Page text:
Two years before the global phenomenon known as TV’s The Walking Dead a film festival emerged in Leeds championing the zombie movie genre.
Two fans began the Leeds Zombie Film Festival, now marking its sixth edition. They were Emmerdale actors Mark Charnock and Dominic Brunt, both confirmed devotees of movies about shambling dead cannibals.
Brunt’s all-consuming love of zombie movies can be traced back 30 years to a video shop in Accrington. What Brunt and his pals wanted was horror, and lots of it. “A long list of weak and tired terrors mixed in with the occasional highlight, each film promising special effects, explosions and thrills aplenty on their glossy cases and each film failing to live up to the inspired cover images lined up in rows in our favourite section: horror,” he recalls.
“Two genre pictures which managed to buck this repetitive trend were The Evil Dead and Dawn of the Dead. We sat and cheered and screamed and laughed our heads off for nearly two hours.” Three decades later that schoolboy obsession has turned into a viable national film festival and an annual pilgrimage for aficionados.
It’s official: Leeds has become Zombie Central. And in amongst the 2013 line-up are two locally-made gems, one of which, Before Dawn, marks the directorial debut of Brunt. It was made in the hills above Hebden Bridge. The other is Harold’s Going Stiff, shot in Penistone by writer/director Keith Wright.
Other titles in the 12-hour marathon are Dellamorte Dellamore, starring Rupert Everett as a cemetery man whose job is to re-kill the dead that rise from the earth, the Cuban zom-com Juan of the Dead and Cockneys vs Zombies, which has Honor Blackman as an EastEnder doing her bit to rid the world of shuffling corpses.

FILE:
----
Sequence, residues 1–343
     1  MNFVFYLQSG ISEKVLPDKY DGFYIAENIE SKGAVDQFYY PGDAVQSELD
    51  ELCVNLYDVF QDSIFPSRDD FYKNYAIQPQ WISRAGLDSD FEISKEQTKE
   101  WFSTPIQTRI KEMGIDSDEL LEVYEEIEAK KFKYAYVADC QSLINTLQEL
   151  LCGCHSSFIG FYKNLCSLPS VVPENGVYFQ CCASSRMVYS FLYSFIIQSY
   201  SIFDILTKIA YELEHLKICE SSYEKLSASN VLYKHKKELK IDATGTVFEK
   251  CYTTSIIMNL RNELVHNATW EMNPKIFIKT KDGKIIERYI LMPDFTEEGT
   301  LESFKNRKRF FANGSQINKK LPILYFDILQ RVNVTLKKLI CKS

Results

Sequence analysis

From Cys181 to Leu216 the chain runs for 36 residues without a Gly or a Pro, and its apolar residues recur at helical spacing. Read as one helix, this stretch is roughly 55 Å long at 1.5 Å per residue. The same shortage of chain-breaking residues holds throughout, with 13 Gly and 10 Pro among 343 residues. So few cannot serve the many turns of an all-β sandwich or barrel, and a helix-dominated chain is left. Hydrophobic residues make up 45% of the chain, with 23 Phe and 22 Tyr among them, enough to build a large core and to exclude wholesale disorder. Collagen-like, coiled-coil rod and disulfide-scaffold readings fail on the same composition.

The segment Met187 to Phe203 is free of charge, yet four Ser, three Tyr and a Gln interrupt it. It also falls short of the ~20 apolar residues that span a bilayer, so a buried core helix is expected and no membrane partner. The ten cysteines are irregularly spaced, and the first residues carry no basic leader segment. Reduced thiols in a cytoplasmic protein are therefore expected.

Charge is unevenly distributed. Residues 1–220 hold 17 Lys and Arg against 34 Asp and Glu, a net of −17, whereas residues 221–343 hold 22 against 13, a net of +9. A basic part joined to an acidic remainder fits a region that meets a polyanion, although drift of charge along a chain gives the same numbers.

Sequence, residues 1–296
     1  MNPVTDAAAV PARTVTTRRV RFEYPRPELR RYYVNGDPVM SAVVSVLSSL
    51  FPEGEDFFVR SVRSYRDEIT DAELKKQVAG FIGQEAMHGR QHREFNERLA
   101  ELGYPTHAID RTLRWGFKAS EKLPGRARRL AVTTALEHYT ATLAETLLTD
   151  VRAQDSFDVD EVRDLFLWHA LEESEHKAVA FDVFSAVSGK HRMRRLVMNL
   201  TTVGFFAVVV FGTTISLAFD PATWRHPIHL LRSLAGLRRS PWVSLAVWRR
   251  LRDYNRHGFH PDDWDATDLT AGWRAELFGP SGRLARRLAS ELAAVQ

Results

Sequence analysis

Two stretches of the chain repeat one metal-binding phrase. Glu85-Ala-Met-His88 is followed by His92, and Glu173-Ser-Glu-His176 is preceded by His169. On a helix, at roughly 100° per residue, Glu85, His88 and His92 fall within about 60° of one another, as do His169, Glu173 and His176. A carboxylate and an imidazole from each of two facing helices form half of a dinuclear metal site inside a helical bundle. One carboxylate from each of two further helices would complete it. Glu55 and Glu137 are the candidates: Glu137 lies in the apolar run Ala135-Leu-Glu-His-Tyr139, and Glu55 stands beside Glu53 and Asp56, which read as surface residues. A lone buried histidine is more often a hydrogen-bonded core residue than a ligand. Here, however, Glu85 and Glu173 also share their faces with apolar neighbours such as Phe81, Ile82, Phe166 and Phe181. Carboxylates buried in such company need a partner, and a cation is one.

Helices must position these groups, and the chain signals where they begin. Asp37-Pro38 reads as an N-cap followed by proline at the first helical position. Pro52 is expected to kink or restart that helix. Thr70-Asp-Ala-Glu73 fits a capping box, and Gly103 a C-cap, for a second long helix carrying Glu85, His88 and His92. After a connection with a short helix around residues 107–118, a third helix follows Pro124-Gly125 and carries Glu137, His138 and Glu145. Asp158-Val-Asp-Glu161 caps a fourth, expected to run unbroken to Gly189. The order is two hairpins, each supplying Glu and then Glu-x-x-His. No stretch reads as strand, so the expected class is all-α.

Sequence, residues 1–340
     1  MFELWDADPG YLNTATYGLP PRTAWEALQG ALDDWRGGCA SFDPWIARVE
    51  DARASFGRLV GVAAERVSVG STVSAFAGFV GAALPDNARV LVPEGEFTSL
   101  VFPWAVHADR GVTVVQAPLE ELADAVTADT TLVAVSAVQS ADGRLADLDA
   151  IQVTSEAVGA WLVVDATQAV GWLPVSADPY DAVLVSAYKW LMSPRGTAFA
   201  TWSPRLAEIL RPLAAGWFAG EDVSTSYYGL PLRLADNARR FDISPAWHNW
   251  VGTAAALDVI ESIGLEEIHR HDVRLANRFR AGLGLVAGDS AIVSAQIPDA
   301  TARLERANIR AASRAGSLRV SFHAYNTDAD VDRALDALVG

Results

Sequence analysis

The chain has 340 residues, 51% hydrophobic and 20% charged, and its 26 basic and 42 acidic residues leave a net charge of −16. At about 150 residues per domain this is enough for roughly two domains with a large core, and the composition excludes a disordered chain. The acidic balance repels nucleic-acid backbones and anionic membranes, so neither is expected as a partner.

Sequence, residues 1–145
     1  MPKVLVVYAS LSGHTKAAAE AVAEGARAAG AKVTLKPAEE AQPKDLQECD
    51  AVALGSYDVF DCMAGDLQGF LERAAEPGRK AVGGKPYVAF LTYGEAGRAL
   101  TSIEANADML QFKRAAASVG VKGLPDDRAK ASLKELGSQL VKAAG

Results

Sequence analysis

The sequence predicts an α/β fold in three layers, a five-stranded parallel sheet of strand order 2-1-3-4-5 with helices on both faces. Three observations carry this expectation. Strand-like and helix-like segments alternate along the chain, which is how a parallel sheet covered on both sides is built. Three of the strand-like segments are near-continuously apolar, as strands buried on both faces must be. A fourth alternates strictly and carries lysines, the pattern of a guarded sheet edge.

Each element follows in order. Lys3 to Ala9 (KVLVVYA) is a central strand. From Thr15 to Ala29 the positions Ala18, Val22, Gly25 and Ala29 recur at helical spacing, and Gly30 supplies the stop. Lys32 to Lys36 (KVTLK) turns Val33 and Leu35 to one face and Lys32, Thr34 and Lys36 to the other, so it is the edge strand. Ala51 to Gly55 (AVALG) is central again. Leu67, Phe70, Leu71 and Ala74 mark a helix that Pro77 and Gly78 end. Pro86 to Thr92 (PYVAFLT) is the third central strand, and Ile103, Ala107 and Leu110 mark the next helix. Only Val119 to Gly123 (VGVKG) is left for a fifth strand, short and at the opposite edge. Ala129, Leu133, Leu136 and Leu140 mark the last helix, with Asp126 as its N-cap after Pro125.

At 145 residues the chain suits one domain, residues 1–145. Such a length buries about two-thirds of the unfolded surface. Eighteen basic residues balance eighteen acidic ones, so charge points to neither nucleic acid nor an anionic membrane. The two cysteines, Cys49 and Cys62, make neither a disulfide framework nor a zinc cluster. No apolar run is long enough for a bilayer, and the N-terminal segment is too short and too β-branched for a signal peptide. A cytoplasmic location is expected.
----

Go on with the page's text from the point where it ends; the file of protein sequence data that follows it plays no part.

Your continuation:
Eighty years ago the zombie in movies was a voodoo slave. Things changed in the late ’60s when George A Romero came up with Night of the Living Dead which almost overnight unsettled horror mores and dragged movie buffs into an entirely new world.
So it’s entirely natural for Brunt and Charnock to be screening Romero’s follow-up, 1979’s Dawn of the Dead, as the centrepiece of this year’s festival. Not only that but they are presenting the European cut of the film, overseen by giallo master Dario Argento, which dispenses with some of the hellzapoppin’ humour in favour of more gore and a faster pace.
Widely considered to be the best living dead movie ever made, Dawn of the Dead is set in Pennsylvania and focuses on four survivors who hole up in a giant out-of-town shopping mall. Brunt calls it “an astonishingly bleak story about the end of society”.
He admits to hunting out alternative edits and cuts of the movie that has resonated with so many cinephiles. Adds Brunt: “The allegories for consumerism are clear for all to see in this gory, heavy-handed, blood-soaked satirical opera. It’s nihilistic and concentrates on the futility of our existence as an increasingly materialistic society. Cowed, de-fanged, and sleepwalking through our days inside the walls of the unnatural environment of the shopping centre devoid of nature. Enclosed, sky-less, turning us into…” We get the message.
The 6th Leeds Zombie Film Festival, Cottage Road Cinema, Leeds. Sunday April 21 from noon to midnight.